Texas AG: State workers can deny licenses to gay couples

How Four Justices Disagreed with Same-Sex Marriage Ruling
How Four Justices Disagreed with Same-Sex Marriage Ruling

LUBBOCK, Texas (AP) — Texas' conservative Republican Attorney General Ken Paxton called the Supreme Court decision giving same-sex couples the right to marry a "lawless ruling" and said state workers can cite their religious objections in denying marriage licenses.

He warned in a statement Sunday that any clerk, justice of the peace or other administrator who declines to issue a license to a same-sex couple could face litigation or a fine.

But in the nonbinding legal opinion requested by Republican Lt. Gov. Dan Patrick, Paxton says "numerous lawyers" stand ready to defend, free of charge, any public official refusing to grant one.

In its 5-4 opinion Friday, the Supreme Court did nothing to eliminate rights of religious liberty, Paxton's opinion states.

"This newly minted federal constitutional right to same-sex marriage can and should peaceably coexist with longstanding constitutional and statutory rights, including the rights to free exercise of religion and freedom of speech," the AG wrote.

While many Republicans have said they disagreed with the Supreme Court ruling, officials in most states have said that they will abide by it. Paxton's comments echoed those Friday of Gov. Greg Abbott, who said Texans can't be forced by the court ruling to act contrary to their religious beliefs.

"Despite the Supreme Court's rulings, Texans' fundamental right to religious liberty remains protected," Abbott said Friday.

SEE: Photos from outside the Supreme Court once the ruling on marriage was announced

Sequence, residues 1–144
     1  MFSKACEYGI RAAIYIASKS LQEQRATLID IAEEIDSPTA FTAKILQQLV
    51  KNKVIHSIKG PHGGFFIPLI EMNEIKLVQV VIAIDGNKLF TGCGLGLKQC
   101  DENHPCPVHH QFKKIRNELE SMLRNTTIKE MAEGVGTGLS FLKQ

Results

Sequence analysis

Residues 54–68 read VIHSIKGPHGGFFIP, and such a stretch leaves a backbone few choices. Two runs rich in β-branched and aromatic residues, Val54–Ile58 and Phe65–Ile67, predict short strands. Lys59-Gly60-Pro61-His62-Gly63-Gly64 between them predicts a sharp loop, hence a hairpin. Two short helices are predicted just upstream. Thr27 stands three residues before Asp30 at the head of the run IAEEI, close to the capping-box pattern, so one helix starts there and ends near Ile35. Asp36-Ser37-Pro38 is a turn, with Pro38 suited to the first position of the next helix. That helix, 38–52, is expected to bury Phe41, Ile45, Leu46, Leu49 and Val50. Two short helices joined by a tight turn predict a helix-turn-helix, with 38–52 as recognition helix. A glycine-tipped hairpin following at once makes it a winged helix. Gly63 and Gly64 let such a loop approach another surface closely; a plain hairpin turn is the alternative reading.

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In his two-page memo, Abbott ordered agency leaders that no one in their ranks could take "adverse action" against someone acting on their religious beliefs, including "granting or denying benefits." That led to early confusion and questions over whether state agencies might deny health or retirement benefits to the spouses of gay employees.

Abbott spokesman John Wittman later issued a clarifying statement Friday, saying the directive doesn't order the denial of benefits to same-sex couples. He said it only "ensures that individuals doing business with the state cannot be discriminated against because of their religious beliefs."

Paxton in his statement Sunday says the justices "weakened the rule of law" and "fabricated a new constitutional right."

Texas was not part of the case before the Supreme Court. A federal judge in 2013 ruled that the state's ban on gay marriage was unconstitutional but declined to enforce the ruling while it was on appeal. Since Friday's ruling, a federal district court in Texas has prohibited Texas from enforcing state laws that define marriage as exclusively a union between one man and one woman.

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